If you have achieved some improvement in the diet but it is not consistent or as good as you like, check that:
(a) Your child is following the diet EXACTLY
(b) You have not reintroduced too many foods, too quickly
(c) Your child is not experiencing a build-up effect of one food item
eg eating 2 or 3 apples in one day, even though one is OK or he/she may tolerate the food the first few times, but after that is affected by it. In this case, stop the food you suspect, to see if there is any improvement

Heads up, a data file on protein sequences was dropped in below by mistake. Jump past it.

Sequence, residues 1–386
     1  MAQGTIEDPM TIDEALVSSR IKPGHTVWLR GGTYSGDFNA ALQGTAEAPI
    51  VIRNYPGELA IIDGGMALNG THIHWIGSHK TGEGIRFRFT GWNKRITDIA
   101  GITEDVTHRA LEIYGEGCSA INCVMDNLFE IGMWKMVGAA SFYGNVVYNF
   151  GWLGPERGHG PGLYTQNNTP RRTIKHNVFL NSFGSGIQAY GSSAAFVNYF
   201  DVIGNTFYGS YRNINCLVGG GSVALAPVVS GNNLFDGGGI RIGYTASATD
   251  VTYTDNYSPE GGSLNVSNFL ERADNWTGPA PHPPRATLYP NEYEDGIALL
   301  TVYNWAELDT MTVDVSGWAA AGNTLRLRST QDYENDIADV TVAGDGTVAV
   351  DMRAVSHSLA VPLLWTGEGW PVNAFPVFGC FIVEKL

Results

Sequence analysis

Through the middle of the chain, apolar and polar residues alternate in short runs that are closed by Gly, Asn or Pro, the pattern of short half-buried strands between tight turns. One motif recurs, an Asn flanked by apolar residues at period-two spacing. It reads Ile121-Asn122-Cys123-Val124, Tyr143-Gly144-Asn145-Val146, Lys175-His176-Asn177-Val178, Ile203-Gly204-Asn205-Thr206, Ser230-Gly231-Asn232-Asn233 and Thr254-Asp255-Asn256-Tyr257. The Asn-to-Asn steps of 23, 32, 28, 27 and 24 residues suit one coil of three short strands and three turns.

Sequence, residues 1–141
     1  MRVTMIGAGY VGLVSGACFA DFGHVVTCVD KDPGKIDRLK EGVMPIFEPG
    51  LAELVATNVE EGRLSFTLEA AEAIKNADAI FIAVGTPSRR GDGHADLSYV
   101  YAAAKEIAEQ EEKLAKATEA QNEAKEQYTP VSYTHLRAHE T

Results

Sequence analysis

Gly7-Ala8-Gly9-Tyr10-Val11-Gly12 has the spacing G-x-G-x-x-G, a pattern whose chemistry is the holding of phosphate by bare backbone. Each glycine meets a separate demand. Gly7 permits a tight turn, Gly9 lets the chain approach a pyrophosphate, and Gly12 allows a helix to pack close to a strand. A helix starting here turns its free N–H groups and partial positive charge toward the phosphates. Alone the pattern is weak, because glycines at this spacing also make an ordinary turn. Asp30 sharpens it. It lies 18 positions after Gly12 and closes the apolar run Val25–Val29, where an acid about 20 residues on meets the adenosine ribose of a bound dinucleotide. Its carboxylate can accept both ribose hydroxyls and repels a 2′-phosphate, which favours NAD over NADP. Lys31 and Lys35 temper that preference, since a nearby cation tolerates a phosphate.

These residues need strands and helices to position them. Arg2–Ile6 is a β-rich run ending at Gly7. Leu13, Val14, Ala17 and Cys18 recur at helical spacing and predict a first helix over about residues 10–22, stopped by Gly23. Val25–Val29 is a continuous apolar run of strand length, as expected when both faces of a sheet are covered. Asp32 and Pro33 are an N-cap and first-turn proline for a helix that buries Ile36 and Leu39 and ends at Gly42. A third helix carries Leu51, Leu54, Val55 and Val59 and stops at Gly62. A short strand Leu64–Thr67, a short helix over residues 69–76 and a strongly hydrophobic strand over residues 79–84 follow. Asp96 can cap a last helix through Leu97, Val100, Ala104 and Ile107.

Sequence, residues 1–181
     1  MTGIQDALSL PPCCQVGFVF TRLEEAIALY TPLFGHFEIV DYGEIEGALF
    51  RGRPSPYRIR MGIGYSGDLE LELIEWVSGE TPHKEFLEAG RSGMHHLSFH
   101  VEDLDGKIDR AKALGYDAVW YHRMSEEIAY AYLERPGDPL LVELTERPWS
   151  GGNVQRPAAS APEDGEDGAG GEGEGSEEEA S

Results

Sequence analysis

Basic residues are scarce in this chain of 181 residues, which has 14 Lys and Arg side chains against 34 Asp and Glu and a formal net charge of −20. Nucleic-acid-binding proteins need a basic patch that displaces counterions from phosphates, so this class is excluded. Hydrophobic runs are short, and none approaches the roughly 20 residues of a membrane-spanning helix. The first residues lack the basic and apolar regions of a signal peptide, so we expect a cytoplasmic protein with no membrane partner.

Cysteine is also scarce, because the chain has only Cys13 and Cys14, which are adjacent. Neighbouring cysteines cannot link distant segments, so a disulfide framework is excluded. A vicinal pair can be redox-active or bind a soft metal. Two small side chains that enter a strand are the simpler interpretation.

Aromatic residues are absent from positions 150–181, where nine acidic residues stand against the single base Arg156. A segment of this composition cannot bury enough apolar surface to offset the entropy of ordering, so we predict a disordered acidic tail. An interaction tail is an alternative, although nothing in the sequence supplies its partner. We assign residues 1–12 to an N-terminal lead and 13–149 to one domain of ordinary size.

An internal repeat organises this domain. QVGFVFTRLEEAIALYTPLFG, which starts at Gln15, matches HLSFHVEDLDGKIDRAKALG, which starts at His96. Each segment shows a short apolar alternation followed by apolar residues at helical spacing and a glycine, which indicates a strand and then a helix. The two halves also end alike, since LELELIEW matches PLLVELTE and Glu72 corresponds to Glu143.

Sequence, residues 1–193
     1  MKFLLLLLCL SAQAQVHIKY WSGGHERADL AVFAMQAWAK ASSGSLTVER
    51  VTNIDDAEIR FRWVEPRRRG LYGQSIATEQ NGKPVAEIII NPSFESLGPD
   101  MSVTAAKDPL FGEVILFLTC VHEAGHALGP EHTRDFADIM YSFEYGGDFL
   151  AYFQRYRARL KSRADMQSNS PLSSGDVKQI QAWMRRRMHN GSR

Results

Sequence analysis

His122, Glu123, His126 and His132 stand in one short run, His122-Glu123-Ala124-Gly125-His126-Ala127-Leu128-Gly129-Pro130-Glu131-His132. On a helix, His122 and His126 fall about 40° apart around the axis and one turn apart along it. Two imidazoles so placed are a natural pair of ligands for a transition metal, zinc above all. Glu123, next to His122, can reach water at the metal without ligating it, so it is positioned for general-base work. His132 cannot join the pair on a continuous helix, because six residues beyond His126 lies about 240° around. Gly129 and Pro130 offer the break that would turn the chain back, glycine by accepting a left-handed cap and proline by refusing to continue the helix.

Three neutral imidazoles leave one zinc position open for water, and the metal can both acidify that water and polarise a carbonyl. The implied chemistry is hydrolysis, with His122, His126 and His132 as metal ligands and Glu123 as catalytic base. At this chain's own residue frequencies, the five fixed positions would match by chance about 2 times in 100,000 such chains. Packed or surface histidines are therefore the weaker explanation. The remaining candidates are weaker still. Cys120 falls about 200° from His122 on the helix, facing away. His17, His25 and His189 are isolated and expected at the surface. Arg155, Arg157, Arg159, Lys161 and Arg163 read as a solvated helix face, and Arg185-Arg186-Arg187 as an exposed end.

Remember that children's reactions to foods are all different. It may take a long period of experimentation to find out exactly what is best. Do not be tempted to go too fast, too soon, or your child will be confused by the way they feel.
If in doubt about whether to give the child a certain food, it is better to stick with foods that you know are permitted.